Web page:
Donald Trump, Franklin Graham Urge Americans To Get Vaccinated Against COVID

President Trump addressing his remarks on Thursday, Feb. 6, 2020 in the East Room of the White House, in response to being acquitted of two Impeachment charges.
President Trump addressing his remarks on Thursday, Feb. 6, 2020 in the East Room of the White House, in response to being acquitted of two Impeachment charges. |

Former President Donald J. Trump and Rev. Franklin Graham both endorse vaccination as a way to stay protected from the COVID-19 virus.

Amid growing hesitancy and concerns over the efficacy of the vaccine where 1 in 3 American adults said they won't get the shot, former President Donald Trump urges his followers to have it.

"I would recommend it, and I would recommend it to a lot of people that don't want to get it, and a lot of those people voted for me, frankly," Trump said in his "Fox News Primetime" appearance on Tuesday.

It should also be noted that the former President said the same thing in his speech at the Conservative Political Action Conference (CPAC) in Orlando, Florida last month.

Trump also cautioned against making the vaccine rollout mandatory for employment.

"But, you know, again, we have our freedoms, and we have to live by that, and I agree with that also," he said.

Trump commended his past administration's work in handling the pandemic where Operation Warp Speed managed to efficiently produce three vaccines and the closing of borders for which he was accused of xenophobia.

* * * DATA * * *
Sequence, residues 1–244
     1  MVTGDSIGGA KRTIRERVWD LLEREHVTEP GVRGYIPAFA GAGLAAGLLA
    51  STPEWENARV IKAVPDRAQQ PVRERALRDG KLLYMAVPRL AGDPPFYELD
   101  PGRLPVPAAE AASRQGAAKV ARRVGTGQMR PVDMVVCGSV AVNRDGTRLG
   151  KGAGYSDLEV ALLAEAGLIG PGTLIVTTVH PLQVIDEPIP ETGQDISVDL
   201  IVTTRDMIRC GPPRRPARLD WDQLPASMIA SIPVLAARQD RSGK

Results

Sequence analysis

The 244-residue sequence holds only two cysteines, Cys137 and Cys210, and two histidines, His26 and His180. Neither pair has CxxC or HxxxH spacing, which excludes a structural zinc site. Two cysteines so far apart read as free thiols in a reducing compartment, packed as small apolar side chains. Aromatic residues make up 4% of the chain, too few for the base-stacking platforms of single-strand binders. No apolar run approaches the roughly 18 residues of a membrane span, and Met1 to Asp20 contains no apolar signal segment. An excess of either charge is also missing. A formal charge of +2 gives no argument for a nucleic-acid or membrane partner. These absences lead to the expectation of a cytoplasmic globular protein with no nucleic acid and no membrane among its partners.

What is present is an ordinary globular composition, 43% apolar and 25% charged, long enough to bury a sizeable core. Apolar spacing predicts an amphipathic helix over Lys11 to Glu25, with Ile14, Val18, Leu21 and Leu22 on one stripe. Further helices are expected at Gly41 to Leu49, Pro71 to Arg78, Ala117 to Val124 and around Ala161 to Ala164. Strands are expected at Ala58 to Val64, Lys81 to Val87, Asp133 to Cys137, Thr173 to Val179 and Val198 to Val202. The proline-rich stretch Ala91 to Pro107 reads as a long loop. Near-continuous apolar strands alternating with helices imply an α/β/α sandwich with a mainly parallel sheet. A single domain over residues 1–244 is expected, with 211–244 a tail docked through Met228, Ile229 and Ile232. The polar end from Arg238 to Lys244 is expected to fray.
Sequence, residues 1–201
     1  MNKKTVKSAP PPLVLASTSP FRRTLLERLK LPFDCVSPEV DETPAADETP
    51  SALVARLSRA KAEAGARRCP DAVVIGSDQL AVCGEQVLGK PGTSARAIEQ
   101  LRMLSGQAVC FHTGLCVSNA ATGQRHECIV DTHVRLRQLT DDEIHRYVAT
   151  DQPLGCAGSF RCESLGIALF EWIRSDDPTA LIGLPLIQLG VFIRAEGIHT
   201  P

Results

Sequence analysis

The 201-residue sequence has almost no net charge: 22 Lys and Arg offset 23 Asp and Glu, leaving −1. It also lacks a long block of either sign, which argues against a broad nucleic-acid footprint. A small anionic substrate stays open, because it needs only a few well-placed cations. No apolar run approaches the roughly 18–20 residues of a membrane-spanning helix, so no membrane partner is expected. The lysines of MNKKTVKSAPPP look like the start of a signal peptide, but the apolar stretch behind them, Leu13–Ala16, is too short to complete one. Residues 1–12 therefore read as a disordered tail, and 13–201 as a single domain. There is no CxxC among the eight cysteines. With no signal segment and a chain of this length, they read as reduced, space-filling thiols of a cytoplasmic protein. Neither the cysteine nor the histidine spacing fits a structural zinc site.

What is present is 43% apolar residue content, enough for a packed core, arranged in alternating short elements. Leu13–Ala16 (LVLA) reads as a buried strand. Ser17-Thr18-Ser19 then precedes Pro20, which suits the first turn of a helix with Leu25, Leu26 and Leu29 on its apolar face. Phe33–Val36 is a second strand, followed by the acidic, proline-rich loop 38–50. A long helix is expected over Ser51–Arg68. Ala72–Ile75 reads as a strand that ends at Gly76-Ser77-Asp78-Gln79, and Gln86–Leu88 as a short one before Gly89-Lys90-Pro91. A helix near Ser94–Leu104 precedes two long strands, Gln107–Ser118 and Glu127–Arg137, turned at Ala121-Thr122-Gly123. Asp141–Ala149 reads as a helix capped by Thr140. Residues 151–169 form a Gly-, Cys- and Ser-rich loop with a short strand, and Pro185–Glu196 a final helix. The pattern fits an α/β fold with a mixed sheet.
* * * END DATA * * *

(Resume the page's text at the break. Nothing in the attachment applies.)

"We did a great job, we get very little credit for it," he commented.

Franklin Graham, son of the late American evangelist Billy Graham, also urges his congregants to take the vaccine. In his interview with ABC News, Graham said that he had the shot.

Based on Pew Research's data, only 54 % of white evangelicals say they will get the vaccine. That is in contrast to the 77% of Catholics, 64% black Protestants, 90% of atheists.

To encourage more people from the Christian community, Graham said that his father also believed in modern medicine.

"If anytime there was a vaccine or something that could help protect you, he was an advocate for it. He took it. I believe that it's consistent with Scripture -- that we protect our lives, and do whatever we can to save life. So I don't have any problem with telling a person to take an aspirin or telling a person to have a vaccine," explained the evangelist.

He then thanked the doctors and researchers for their hard work in developing the vaccines.

"I hope that the American people will use them," Graham said.

When asked about what he thinks of pastors who are discouraging their members from getting the COVID-19 vaccine, Graham said that act is "problematic."

"I hope that the pastors in the pulpit would tell people how they can be saved from God's judgment, and that's through faith in Jesus Christ," he said, highlighting their main job.

"I think [for] a pastor to tell someone not to take the vaccine is problematic, because what would happen if that person died -- got Coronavirus and died - then is the pastor responsible? I would feel responsible," Graham added.

It's worth noting, however, that for Graham, the COVID vaccine is not the ultimate solution to the problems brought about by the pandemic. Back in December, the evangelist noted that while an "effective vaccine" might help restore things like gatherings, it won't solve issues like depression, anxiety, worry or fear -- things that people experienced while the virus continued to spread.

"There is only one way to find healing for deep, spiritual needs, and that's in Jesus Christ," he said then, noting that the Lord is "the hope of Christmas and the hope of the world."

According to Bloomberg's COVID vaccine tracker, about 2.4 million Americans are vaccinated each day and as of Monday, over 100 million doses had been distributed across the nation.